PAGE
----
By: Justin M. Smigelsky, Esq.
Operation of a motor vehicle is an element of the offense of driving under the influence of drugs or alcohol. Because a DUI violation is treated as a quasi-criminal prosecution, every element must meet the evidentiary standard of “beyond a reasonable doubt.” Therefore, a conviction for DUI requires that the prosecutor prove, beyond a reasonable doubt, that the defendant was operating the motor vehicle. Although the analysis of whether or not the defendant had been operating a motor vehicle would appear to be simple, the concept of “operation” is much broader than the concept of “driving.”
The word “operation” has not been clearly defined by New Jersey statute, but has been molded over time by case law. Contrary to popular belief, operation of a motor vehicle does not require physical movement of a vehicle or even that the vehicle is operable. Under the law, intention to move the motor vehicle – rather than actual movement – will suffice. A determination of whether or not the defendant had the intention to ultimately cause the motor vehicle to move is a fact-sensitive analysis; the location of the defendant in relation to the vehicle and the location of the keys are often critical evidence of an intention to operate. Starting the engine of the vehicle is not required to prove operation – sitting in a motor vehicle with your keys in your hand, or even approaching your vehicle with the intent to drive, will ordinarily constitute “operation.” Operation has also been established where the vehicle was inoperable, out of gas, or coasting in neutral. Thus, if the possibility of motion exists, the defendant has operated the vehicle for purposes of DUI.
Generally, operation may be proven in three ways: direct evidence, circumstantial evidence, or admission. As to direct evidence, there may be observations by a police officer or witness, video recordings, or other direct evidence of operation. The most common example is for a witness to testify in court as to his or her observations to establish that the defendant had been operating the vehicle. Observation can also be demonstrated by circumstantial evidence – if the facts and circumstances allow for an inference of operation. For example, if the police come upon an accident scene to find the defendant seated behind the wheel, the natural inference to be drawn is that the vehicle was operated and that the defendant was the operator. Third, operation can be proven by admission – if the defendant voluntarily admits to the police officer that he or she had driven or intended to drive the vehicle, operation can be established.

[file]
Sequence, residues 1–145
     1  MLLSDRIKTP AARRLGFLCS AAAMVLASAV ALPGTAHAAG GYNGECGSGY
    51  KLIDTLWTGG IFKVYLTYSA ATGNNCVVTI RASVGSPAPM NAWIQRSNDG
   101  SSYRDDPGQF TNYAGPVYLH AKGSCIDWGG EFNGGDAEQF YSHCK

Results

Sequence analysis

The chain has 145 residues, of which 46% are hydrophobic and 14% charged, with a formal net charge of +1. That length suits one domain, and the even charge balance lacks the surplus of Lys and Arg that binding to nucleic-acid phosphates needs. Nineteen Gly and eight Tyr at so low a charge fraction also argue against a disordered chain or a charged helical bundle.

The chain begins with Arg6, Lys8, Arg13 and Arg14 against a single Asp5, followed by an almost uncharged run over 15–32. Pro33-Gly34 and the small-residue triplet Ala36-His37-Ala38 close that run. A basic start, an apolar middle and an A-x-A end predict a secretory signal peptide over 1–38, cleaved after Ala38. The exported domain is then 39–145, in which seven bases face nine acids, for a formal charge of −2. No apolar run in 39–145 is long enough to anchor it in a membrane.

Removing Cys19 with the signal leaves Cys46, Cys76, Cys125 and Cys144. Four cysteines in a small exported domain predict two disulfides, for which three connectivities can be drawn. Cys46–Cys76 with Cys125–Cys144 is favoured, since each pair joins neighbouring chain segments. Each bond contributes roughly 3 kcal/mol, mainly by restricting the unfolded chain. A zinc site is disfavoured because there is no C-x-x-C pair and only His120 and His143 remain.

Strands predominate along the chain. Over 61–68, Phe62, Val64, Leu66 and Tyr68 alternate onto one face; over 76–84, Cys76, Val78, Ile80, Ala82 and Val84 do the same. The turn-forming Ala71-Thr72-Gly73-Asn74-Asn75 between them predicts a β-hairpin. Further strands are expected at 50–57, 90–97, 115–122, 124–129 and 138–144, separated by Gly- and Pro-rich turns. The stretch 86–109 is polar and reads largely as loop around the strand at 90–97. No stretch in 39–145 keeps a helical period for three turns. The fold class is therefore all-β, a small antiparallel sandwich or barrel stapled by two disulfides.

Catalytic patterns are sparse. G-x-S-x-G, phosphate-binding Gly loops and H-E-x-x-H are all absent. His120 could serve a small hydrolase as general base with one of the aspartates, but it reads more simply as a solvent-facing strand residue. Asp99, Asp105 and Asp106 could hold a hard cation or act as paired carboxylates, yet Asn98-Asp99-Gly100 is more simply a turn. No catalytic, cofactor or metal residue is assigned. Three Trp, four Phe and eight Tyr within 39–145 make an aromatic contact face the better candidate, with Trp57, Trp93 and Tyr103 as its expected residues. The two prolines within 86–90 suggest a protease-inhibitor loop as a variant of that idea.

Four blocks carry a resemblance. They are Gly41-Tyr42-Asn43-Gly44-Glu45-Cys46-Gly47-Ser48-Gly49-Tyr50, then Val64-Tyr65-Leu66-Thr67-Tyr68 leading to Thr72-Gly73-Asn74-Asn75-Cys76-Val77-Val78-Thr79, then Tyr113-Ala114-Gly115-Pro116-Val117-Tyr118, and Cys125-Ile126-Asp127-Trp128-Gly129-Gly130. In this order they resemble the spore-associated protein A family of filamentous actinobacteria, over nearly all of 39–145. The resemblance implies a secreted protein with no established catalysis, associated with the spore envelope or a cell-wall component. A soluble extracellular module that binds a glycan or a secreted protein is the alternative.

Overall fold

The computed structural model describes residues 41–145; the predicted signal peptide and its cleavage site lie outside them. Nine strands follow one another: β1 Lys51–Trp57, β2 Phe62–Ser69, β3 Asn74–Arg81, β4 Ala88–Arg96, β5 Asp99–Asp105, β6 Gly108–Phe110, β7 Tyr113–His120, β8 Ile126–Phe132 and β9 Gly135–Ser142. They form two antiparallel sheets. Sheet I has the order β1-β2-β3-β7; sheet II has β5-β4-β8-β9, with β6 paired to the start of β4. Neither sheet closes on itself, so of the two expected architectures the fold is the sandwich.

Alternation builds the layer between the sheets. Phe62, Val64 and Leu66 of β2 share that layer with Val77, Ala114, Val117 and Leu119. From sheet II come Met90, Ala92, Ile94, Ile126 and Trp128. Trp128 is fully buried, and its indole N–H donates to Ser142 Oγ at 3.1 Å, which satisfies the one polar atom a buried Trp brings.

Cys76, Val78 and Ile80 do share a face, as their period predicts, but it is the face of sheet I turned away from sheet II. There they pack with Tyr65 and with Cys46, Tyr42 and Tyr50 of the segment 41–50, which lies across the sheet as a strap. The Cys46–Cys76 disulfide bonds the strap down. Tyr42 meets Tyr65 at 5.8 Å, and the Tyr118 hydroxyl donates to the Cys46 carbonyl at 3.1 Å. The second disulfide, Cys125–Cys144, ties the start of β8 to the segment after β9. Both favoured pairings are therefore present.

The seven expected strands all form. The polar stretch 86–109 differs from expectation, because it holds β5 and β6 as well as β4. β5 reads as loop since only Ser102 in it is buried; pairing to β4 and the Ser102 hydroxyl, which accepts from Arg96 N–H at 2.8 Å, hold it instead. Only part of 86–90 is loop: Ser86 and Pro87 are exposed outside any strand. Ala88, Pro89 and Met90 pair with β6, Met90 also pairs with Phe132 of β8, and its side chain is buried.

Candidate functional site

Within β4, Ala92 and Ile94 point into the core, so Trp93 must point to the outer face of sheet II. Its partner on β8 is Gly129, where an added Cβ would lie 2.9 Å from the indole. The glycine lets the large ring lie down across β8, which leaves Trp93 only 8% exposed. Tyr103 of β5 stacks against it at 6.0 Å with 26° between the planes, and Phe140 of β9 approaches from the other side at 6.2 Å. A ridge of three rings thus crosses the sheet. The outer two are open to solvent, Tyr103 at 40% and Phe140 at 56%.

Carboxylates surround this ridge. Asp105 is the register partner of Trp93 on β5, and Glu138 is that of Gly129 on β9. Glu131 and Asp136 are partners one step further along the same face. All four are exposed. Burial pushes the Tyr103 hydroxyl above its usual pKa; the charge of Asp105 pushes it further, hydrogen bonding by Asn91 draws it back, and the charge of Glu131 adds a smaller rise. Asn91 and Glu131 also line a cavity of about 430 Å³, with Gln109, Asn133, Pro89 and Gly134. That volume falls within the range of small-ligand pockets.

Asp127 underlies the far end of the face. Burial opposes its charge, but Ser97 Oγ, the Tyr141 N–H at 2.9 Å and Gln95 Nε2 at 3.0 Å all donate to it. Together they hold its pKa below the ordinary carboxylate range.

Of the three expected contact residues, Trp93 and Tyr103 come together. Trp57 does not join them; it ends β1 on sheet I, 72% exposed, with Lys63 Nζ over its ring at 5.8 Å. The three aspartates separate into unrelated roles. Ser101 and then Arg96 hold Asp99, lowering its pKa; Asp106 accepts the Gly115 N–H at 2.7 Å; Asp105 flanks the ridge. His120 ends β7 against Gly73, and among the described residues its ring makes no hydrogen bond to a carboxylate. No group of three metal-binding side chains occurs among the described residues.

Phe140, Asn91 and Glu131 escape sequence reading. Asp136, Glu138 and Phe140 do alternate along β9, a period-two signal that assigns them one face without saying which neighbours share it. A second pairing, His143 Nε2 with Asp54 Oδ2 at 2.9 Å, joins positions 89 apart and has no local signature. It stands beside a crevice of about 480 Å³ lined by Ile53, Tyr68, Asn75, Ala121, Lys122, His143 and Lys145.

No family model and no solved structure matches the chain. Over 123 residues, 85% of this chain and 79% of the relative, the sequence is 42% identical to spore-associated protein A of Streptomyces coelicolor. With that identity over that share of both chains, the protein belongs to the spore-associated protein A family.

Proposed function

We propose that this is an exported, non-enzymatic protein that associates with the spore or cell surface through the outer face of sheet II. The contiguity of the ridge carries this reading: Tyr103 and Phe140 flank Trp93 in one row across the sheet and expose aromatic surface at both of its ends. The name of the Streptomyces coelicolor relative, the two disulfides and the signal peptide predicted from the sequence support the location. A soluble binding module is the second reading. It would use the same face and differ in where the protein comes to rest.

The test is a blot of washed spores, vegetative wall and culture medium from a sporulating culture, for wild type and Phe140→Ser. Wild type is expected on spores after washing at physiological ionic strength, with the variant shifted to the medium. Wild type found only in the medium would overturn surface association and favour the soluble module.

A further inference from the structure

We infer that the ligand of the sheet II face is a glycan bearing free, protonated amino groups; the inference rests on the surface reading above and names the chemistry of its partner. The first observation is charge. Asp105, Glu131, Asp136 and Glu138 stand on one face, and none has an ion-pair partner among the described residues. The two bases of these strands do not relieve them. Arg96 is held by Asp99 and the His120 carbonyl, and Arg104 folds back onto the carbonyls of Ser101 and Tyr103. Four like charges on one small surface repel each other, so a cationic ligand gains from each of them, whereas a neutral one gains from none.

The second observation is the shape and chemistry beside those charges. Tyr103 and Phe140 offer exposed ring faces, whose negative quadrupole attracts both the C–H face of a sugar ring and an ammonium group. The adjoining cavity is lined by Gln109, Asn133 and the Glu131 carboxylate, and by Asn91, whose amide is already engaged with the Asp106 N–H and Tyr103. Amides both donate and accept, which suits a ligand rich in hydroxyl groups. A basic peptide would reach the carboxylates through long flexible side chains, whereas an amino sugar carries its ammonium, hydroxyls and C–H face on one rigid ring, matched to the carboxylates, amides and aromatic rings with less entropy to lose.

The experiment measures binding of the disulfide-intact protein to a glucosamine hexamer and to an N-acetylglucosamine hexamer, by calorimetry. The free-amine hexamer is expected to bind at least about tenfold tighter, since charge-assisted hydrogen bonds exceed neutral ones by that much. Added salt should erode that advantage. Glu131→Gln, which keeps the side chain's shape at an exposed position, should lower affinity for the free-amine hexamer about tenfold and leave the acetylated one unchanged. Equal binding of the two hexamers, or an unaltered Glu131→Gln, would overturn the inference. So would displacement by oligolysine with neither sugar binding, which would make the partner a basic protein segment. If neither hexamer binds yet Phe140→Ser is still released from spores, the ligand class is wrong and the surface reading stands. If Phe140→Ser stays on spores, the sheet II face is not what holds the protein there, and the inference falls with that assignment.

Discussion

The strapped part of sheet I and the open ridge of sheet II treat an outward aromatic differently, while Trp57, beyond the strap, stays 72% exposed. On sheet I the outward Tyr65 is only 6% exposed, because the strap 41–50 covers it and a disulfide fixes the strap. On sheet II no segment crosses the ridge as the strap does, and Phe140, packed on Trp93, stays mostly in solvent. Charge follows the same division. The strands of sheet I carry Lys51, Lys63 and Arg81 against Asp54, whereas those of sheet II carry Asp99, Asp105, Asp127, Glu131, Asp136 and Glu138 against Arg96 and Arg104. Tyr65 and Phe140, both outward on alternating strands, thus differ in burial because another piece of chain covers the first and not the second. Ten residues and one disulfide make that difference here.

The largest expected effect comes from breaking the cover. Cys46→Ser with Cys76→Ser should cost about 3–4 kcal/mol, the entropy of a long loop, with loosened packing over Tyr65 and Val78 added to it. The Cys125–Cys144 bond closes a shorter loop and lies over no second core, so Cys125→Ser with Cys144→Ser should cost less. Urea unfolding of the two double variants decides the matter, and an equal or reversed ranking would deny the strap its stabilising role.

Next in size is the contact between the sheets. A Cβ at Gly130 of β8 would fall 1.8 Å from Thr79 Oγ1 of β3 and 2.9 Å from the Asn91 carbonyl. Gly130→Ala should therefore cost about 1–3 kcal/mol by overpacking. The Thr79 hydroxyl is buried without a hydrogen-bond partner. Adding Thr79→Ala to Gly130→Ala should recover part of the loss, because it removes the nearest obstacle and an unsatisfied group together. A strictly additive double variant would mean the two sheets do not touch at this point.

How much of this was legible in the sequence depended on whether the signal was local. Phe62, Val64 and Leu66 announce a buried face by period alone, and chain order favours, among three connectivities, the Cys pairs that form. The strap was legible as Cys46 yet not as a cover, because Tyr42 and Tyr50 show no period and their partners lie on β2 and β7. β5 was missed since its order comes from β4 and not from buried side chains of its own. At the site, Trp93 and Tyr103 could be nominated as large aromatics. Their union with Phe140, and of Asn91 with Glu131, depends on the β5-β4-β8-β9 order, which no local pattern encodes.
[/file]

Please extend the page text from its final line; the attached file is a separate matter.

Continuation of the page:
As to location requirements, “operation” for purposes of DUI is prohibited within the territorial jurisdiction of New Jersey – any public or private area, field, lot, property, building, roadway, highway, etc. In other words, an intoxicated driver may not legally operate a motor vehicle anywhere in this State.
An arrest for DUI can have very serious consequences including, but not limited to, license suspension, fines, mandatory installation of an ignition interlock device, and incarceration. If you have been arrested for DUI or a related offense, you may wish to consult with an experienced attorney. This article is for information purposes only, and is neither legal advice nor the creation of an attorney client relationship.
Justin M. Smigelsky, Esq. / Timothy J. Little, P.C. – 2016 – All Rights Reserved
Timothy J. Little, P.C. is a full-service law firm with offices in Woodbridge and Chesterfield, New Jersey. Timothy J. Little, P.C. represents individuals, families and businesses throughout New Jersey including Middlesex County (Old Bridge, Woodbridge, Sayreville, East Brunswick, Spotswood, Perth Amboy, Dunellen, Colonia, Sewaren, Iselin, Avenel, Fords, Keasbey, Menlo Park, Port Reading, South Amboy, Monroe, Edison, Carteret, Cranbury, Helmetta, South River, Milltown, Highland Park, Jamesburg, Laurence Harbor), Monmouth County (Hazlet, Aberdeen, Matawan, Keyport, Cliffwood Beach, Middletown, Freehold), Union County, Ocean County, Somerset County, and Burlington County.
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